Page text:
How the Terms "Genius" and "Gifted" Can be Considered Offensive

In my last article I let everyone know about my negative opinions towards political correctness, and now in this one I am asserting that some commonly used terms are offensive. So what gives? Have I gone soft?

I don't think so, I am more or less alluding to the fact that we have a knack for downplaying the achievements of others without really realizing it.

The concept I will explain does not have to apply only to the terms "genius" and "gifted", it can in fact apply to many other comments that we frequently give, mostly in the form of praises.

So what am I talking about?

To put it simply, when you attribute someone's accomplishments to "genius" or "gifted-ness" or "talent", you are in essence removing their work from the equation. You are basically telling them that they accomplished what they did through sheer genetic luck, and nothing else.

"No I'm not," you are saying. "I am just trying to give someone a compliment." We know you are, but sometimes you have to think about what you are really saying.

Let's consider an example. Say a child does very well on a science fair project, and other children's parents come up to him and praise his work, saying he is so "gifted." Now, the term "gifted" gets thrown around alot in the context of schooling, and it implies that the child has a sort of innate intelligence that is uncommon, and he/she is therefore capable of more than the average mortal child. I'll not deny the existence of true "gifted-ness," I will simply argue that the term gets thrown around more than it should. Maybe that child had no more natural intelligence than any of the other kids, he just wanted it more. He worked harder. Why should all his hard work be attributed to some sort of natural genius?


Photo Credit: BK


I believe the concept of attributing abilities to genius is dangerous for two reasons: it downplays the effects of hard work, and it makes people feel helpless and unmotivated.

How is this so? I'll give another example, this time from my own life. I can juggle. Whenever I juggle for people, they sometimes say things like "wow, you are so talented. I can't do that." For some reason, juggling is one of those skills that most people think is something that a select few are born knowing how to do, and no one else can. Let me go ahead and tell you this: no one comes out of the womb knowing how to juggle. When people see me juggle, all they see is the end result. They didn't see the countless hours I have spent alone, throwing things up and dropping them. They didn't see all the awkward failures that made it look like I had never thrown a ball in my life. They didn't see that, so in their view of the world it just looks like I have always had this ability. When they try to learn to juggle and don't pick it up within five minutes, they get discouraged and quit, and for the rest of their life they say "I tried it, but I can't do it."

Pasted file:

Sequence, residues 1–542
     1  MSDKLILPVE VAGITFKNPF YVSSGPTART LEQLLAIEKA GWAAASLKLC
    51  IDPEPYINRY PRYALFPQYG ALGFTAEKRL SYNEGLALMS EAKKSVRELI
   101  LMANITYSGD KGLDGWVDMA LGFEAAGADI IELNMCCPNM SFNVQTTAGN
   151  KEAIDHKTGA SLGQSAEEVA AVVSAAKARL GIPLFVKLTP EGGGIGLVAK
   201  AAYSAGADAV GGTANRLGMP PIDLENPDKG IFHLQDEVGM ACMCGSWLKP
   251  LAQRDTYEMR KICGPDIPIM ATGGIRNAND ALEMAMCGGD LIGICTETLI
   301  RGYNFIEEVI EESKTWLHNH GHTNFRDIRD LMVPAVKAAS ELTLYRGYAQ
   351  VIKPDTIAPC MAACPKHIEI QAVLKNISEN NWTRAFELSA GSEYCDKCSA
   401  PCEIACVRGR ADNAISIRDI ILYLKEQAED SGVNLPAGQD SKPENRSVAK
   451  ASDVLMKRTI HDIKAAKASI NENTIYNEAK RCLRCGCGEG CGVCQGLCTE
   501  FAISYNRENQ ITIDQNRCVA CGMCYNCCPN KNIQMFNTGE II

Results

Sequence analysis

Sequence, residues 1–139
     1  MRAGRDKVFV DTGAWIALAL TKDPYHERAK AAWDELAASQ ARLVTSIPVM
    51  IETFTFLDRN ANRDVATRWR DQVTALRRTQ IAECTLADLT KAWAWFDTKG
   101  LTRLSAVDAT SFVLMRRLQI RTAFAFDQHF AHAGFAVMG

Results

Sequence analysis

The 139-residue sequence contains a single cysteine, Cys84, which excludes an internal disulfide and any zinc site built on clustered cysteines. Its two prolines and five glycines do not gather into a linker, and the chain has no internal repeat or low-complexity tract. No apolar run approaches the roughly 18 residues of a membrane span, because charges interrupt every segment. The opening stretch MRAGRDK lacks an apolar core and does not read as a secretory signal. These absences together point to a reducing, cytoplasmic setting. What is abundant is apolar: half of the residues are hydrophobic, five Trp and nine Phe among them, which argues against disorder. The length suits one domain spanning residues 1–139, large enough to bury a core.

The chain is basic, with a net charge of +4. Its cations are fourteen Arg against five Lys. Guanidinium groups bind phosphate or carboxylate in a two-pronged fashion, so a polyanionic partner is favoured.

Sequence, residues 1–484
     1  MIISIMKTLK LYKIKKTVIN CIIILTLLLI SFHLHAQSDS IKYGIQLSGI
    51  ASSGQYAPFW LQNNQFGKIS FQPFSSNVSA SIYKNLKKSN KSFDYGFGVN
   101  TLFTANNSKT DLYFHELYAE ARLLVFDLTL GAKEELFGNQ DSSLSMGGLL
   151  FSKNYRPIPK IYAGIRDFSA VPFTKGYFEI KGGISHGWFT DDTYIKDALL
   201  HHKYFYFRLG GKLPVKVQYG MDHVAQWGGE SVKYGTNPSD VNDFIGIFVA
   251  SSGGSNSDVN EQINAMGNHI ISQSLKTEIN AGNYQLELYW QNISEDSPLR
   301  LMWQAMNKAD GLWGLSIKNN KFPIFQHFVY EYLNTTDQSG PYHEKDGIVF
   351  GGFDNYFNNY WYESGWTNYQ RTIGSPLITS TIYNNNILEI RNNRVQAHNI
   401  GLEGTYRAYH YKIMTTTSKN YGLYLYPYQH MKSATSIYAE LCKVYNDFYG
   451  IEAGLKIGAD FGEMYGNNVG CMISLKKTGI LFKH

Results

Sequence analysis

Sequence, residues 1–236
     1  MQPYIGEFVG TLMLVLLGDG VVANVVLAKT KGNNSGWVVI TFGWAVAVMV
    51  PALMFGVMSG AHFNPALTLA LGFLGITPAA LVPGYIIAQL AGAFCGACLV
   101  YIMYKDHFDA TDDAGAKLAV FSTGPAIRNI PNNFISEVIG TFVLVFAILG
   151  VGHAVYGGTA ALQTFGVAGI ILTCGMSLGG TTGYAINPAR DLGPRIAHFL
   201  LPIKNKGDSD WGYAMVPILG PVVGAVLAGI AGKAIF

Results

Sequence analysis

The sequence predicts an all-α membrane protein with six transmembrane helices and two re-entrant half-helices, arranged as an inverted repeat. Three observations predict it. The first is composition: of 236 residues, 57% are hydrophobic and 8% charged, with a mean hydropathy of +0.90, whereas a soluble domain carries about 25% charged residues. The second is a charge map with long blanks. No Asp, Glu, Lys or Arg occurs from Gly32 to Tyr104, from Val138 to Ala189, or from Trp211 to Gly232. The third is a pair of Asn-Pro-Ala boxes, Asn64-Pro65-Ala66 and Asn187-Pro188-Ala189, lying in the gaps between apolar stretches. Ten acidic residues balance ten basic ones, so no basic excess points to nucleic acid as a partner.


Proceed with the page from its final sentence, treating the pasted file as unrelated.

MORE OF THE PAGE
I'll tell you this: it took me about a solid week of practicing for several hours per day (it was the holidays and I was bored) before I could juggle three balls comfortably. I probably dropped the balls about 1,000 times in the process, and each time I picked them up and started over. Don't think that it will take you 5 minutes and you will only drop the balls a few times.

You don't get six-pack abs from one trip to the gym, and you don't learn a new language by scanning through a book. Skills take dedication, they take failure, and they take slow and painful progress. Sure, there are probably some people in the world who are gifted and go on to become leading professionals in their area. They are the ones who have natural talent that they combine with effort. Don't downplay the effort though. Sometimes people rise to success not because they had any natural abilities, but simply because they wanted it more.

The next time you see someone doing something that you wish you could do, don't say "I can't do that," say "I'm too lazy to put forth the effort to be able to do that." There are, of course, some exceptions to this. Someone who is paralyzed from the waist down can't hope to walk again, no matter how much effort they put in. But they can still do a lot of things, and chances are you can, too.

The secret to success is to work really hard and learn as much as you can. We don't like to hear that because it's not easy.

So the next time you want to praise someone's accomplishment, do so by saying "you must have worked so hard."

And if your child isn't in the "gifted" program at school, make sure you let them know that they can still accomplish great things, they just have to work for it.

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